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This article was originally published in the Winter 2003 issue of Methods & Tools

Will Pair Programming Really Improve Your Project? - Page 2
(A critical look at the book Pair Programming Illuminated)

Matt Stephens and Doug Rosenberg, Software Reality.

And the Winner Is . . .

Aside from the longer-term learning benefits, it seems that the most beneficial form of pairing is with two programmers of roughly the same ability. It’s more likely that the pair will be on the same wavelength and will spend less time disagreeing over things that probably don’t matter that much. Unfortunately, when you consider that 50% of all programmers are below average, it becomes obvious that mixed-ability pairing is likely to be the norm. This highlights the problem that teams of mixed abilities are almost unavoidable. Pair programming makes the issue unavoidable by forcing these people to code together on the same program.

In a non–pair-programming project, the problem is handled effectively through other more natural practices, such as team leading, code and design reviews, occasional (voluntary) pair programming, mentoring, design documents, and so on. With almost all of the problems described in this article, it’s up to the coach to catch and deal with them as promptly as possible. This places a lot of responsibility on the coach (almost as much as the on-site customer!)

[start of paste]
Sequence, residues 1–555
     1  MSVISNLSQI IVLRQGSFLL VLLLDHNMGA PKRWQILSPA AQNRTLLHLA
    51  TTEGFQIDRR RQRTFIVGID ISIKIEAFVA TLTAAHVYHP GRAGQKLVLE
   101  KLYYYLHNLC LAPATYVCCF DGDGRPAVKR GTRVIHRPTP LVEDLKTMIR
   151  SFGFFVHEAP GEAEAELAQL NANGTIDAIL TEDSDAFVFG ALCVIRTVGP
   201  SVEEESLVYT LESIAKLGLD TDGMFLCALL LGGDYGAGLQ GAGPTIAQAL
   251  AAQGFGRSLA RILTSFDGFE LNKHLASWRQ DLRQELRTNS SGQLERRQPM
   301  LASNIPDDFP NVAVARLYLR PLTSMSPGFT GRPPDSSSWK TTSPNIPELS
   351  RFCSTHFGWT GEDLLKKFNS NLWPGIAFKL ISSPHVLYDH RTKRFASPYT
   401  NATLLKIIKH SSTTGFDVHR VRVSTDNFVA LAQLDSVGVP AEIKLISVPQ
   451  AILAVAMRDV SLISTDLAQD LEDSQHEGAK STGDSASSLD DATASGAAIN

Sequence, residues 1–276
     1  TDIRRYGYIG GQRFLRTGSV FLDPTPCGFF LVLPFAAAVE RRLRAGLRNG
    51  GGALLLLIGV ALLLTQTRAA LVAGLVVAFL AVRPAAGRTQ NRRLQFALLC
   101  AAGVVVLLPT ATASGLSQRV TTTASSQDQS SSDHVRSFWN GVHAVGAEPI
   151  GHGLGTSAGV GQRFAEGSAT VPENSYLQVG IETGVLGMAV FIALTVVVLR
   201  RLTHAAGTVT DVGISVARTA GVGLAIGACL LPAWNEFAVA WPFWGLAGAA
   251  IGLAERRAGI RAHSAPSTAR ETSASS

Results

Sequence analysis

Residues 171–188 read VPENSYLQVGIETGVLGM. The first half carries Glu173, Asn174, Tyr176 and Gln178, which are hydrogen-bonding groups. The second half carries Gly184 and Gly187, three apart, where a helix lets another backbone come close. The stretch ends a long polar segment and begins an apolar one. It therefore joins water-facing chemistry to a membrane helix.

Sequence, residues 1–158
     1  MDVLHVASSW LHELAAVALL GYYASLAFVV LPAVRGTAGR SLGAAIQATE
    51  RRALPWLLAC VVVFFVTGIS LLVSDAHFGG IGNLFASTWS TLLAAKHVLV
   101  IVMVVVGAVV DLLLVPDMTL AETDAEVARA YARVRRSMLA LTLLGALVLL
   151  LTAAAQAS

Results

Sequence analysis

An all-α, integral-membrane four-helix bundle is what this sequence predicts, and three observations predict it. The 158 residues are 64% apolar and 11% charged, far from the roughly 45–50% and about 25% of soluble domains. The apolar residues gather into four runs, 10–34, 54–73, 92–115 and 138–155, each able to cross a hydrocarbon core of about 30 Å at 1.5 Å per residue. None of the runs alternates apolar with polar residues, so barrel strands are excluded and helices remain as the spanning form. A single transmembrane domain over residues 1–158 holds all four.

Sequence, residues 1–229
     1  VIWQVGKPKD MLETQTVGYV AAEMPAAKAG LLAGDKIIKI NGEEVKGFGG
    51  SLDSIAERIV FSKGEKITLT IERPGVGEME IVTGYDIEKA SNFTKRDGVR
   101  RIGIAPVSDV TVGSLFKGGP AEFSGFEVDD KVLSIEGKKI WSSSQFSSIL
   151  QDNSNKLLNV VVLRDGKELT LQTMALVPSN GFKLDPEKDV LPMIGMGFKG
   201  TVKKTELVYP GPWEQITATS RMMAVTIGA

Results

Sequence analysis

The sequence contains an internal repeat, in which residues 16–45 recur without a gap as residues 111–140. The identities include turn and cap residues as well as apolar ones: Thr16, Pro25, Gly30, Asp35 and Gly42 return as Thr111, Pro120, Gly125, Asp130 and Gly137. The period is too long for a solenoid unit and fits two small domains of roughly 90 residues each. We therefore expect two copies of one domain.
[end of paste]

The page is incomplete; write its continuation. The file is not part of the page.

Design Documents Reduce Reliance on Pair Programming

Design documents provide a record of design decisions. This makes them particularly helpful for novice programmers to explore the thinking behind the design, as described by the more experienced senior programmers. If the team is becoming lost in a sea of changed minds and refactorings, the design document often helps to remind the team members of why they originally decided to do something in a particular way. There’s usually a pretty good reason.

We discuss the role of documentation in software projects (and how it can lessen the need for pair programming) in Extreme Programming Refactored Chapter 7 [1].

And More Problems

Chapter 7 of PPI (titled "Problems, Problems") discusses several problems with pair programming. We briefly discuss some of these problems here. Although the authors of PPI do offer some practical advice to overcome or help prevent these problems, the proposed solutions either result in high maintenance or rely idealistically on the programmers being constantly aware of all the problems (with advice such as "Just proceed a bit more cautiously"). One problem is that of rushing. Because pairs rotate often, they might rush to finish a task before it’s time to separate. The advice given in Chapter 7 of PPI is as follows:

"If a task must roll over to another pairing session, the task must roll over to another pairing session! Slow down, and do it right together." [2]